Working Media and Information Services is a program designed to use web and cloud computing technology to tell stories, deliver access to information and vocational training to improve the lives and economic opportunities of low-income working people.

There are three aspects to the program:

1. Digital Video Media:

Our dedicated portal - www.workinmedia.info - has content specific channels for showcasing web video for "a world that works".

For many years, we have been successfully using digital video to tell our story, create compelling presentations, and to document speeches of labor and community leaders. By using low-cost web-video technology, we expand the reach of stories about a world that works to the 24/7/365 worldwide network of Internet users.

Our goal is to both display our own self-produced videos and to showcase videos from around the web, focusing on educational stories, innovations and solution oriented campaigns.

Our intention is to be more than a destination for viewing video. We seek to serve as a resource for discovering great videos that can be redistributed, posted into blogs and newsletters and embedded into other web channels.

We are engaging a network of young volunteers and video professionals to assist us. We facilitate opportunities to "learn by doing" for young people. We give credit to their contributions and skills by presenting their work within our community based portal.

2. Information Services & Internet Access:

Working Media's Information Services & Internet Access project is designed to place AT&T 3G connected pad computers secured to laptop stands in the lobbies of San Francisco community based organizations serving low-income San Franciscans. This pad based Internet access system is wireless and rechargeable, so it runs all day without any electric plug or cables. The touch screen pad is user friendly, easy to lean and unbreakable with normal use. Placed in waiting rooms of health clinics, legal clinics and hiring halls, they provide an opportunity for poor people to learn and use the world's best technology. They can access information on the agencies they are visiting as well as news, mobile email, maps and transit information. These units are often used by kids waiting with parents and quickly turn into a family learning experience. Working Media is developing relationships with cutting edge app developers, such as Resources Match - La RED, an online screening and referral software application and basic survival guide information providers, such as San Francisco Free Help Charts to deliver much needed information services into the hands of low-income San Franciscans.

Download Internet Access & Information Services One-Page PDF

3. Vocational Training:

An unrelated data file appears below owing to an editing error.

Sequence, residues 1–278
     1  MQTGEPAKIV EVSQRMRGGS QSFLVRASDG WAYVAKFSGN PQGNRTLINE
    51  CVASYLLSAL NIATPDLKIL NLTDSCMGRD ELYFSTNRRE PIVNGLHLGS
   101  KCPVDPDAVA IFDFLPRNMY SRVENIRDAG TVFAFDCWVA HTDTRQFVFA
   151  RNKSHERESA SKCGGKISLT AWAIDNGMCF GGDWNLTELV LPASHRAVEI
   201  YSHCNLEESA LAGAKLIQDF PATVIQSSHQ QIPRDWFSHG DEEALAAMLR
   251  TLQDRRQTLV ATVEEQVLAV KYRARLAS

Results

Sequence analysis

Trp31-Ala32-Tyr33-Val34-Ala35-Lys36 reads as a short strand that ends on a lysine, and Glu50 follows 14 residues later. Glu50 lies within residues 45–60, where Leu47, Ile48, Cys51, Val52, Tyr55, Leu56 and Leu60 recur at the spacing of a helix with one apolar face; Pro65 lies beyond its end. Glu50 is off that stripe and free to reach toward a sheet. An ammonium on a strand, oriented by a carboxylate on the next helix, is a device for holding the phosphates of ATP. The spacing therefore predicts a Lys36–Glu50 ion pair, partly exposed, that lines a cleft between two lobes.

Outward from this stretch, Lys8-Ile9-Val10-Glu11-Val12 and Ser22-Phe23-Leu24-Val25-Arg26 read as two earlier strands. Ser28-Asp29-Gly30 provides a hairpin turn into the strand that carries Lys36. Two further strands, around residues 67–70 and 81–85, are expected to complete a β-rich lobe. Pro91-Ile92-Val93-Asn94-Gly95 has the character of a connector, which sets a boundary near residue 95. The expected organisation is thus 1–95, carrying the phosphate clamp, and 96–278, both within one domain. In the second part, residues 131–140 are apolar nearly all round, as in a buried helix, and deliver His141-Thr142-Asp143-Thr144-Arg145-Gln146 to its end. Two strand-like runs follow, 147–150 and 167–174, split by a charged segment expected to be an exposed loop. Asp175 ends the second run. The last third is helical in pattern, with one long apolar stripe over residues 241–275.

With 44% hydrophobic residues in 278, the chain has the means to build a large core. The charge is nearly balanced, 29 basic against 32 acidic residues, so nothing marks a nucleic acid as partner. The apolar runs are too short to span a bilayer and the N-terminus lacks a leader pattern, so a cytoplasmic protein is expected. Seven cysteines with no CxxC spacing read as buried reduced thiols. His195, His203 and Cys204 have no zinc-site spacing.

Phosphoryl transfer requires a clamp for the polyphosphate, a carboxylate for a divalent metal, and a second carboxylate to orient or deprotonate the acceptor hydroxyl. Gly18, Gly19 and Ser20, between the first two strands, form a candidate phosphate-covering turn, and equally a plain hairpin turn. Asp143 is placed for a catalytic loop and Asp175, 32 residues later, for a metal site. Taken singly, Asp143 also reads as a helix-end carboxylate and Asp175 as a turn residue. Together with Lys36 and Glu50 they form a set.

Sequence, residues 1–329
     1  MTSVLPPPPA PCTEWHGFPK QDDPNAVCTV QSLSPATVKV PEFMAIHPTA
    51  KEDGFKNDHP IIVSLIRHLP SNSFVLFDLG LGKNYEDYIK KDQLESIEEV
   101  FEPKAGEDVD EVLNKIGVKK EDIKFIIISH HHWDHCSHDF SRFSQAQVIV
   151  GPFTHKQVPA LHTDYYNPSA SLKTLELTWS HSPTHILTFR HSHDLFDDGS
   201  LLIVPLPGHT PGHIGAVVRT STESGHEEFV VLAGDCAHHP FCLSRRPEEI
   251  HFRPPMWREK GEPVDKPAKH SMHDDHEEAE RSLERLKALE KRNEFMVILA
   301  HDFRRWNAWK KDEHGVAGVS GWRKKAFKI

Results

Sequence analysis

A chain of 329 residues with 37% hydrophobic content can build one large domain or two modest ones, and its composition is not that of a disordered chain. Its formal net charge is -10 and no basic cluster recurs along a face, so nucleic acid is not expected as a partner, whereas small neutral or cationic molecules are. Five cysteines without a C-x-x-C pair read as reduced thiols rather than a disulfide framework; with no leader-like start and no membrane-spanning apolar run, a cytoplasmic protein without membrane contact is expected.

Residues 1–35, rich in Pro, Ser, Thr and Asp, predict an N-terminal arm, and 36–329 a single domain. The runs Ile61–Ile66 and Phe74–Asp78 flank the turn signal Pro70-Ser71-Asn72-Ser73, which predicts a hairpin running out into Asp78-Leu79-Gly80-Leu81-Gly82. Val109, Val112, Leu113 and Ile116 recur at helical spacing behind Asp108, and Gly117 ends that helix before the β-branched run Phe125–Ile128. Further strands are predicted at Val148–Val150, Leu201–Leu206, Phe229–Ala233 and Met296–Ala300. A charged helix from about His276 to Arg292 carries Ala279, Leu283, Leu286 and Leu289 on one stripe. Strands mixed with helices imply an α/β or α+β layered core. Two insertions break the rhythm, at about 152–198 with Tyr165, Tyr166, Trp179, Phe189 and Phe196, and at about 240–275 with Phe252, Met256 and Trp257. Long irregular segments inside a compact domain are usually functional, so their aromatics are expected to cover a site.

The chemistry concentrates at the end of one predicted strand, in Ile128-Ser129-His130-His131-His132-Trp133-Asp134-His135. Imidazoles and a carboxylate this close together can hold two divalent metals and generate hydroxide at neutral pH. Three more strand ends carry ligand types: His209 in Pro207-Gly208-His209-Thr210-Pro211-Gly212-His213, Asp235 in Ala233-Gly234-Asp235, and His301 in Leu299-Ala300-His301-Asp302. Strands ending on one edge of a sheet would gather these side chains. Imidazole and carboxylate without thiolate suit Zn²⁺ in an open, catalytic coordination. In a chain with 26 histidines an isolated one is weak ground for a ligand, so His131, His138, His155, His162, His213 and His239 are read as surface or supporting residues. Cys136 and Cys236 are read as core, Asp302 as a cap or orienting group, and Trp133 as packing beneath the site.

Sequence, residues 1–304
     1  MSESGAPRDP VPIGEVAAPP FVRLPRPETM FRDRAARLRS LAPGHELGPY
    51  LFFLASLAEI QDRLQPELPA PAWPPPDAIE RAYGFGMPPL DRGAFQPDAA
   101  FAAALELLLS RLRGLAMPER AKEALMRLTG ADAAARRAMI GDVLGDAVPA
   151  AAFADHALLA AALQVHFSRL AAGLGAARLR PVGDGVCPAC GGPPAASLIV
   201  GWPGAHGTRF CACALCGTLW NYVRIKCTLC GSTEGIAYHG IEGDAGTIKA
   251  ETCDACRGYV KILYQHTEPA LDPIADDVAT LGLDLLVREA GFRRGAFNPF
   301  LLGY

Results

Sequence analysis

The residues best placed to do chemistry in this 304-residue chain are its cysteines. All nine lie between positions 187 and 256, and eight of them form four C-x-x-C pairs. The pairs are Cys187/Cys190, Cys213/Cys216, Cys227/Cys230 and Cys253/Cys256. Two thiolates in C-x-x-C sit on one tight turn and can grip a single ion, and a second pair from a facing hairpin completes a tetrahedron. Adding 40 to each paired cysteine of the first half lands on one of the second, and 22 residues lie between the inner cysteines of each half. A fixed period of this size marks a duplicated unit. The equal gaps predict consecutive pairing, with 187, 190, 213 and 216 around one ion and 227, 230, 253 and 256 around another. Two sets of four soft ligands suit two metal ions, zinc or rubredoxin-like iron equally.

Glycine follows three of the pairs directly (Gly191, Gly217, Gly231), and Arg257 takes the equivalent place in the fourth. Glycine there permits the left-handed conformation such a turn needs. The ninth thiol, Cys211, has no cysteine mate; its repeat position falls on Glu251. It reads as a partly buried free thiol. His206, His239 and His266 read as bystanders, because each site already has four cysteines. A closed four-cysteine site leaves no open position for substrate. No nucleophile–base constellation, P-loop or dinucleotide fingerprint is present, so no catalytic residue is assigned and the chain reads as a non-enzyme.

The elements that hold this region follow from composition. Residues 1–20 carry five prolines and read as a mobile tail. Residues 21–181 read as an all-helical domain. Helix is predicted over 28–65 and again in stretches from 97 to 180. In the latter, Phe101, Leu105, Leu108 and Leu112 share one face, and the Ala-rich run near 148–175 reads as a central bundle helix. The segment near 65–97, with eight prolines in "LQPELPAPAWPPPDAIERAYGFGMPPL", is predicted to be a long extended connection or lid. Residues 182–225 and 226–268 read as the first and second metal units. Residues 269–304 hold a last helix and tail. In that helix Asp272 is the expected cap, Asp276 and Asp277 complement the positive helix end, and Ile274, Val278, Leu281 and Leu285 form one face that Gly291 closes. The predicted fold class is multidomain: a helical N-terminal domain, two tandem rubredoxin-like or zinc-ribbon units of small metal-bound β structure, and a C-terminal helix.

Working Media has been successfully using the non-profit enterprise version of the Salesforce.com "cloud computing" contact management system for several years. We are working to establish a vocational training program for low-income workers teaching Salesforce.com focused computing skills and Call Center customer management skills. Working Media is collaborating with the Mission Language and Vocational School (MLVS) to develop a unique training program that will provide opportunities for manual labor and service workers to learn skills and get jobs providing cloud based computing services.

How big is the Internet's reach? - How big is video on the web?
How fast is it growing?

  • There are over 2.4 billion Internet users worldwide, as of June 2012, and over 273 million Internet users in North America. By 2015, there will be nearly 3 billion Internet users -- more than 40 percent of the world's projected population.
  • Nearly half of all IP traffic will originate with non-PC devices by 2017. In 2010, PCs generated 97 percent of consumer Internet traffic. Traffic from wireless and mobile devices will exceed traffic from wired devices by 2016. In 2012, only 26 percent of consumer IP traffic originated with non-PC devices, but by 2017 the non-PC share of consumer IP traffic will grow to 49 percent. Globally, mobile data traffic will increase 13-fold between 2012 and 2017 and grow three times faster than fixed IP traffic. Global mobile data traffic was 2 percent of total IP traffic in 2012, and will be 9 percent of total IP traffic in 2017. This shows the impact that devices like tablets, smartphones and connected TVs are having on how consumers access and use the Internet.
  • Internet video to TV doubled in 2012. Internet video to TV will continue to grow at a rapid pace, increasing fivefold by 2017. Internet video to TV traffic will be 14 percent of consumer Internet video traffic in 2017, up from 9 percent in 2012 It would take an individual over 5 million years to watch the amount of video that will cross global IP networks each month in 2017. Every second, nearly a million minutes of video content will cross the network in 2017.
  • Globally, consumer Internet video traffic will be 69 percent of all consumer Internet traffic in 2017, up from 57 percent in 2012. This percentage does not include video exchanged through peer-to-peer (P2P) file sharing. The sum of all forms of video (TV, video on demand [VoD], Internet, and P2P) will be in the range of 80 to 90 percent of global consumer traffic by 2017.
  • Out of the world's 7 billion people, 6 billion have access to mobile phones. There are 600 million people in the world who have mobile phones, even though they do not have electricity at home. The mobile network has extended beyond the boundaries of the power grid. This is creating opportunities for off-the-grid solar and clean tech in the developing world.
  • The "Internet of Things" connected 80 "things" per second in 2013. More than 50 billion things will be connected to the internet by 2020. These are things such as mobile devices, parking meters, thermostats, cardiac monitors, tires, roads, cars, supermarket shelves and cattle.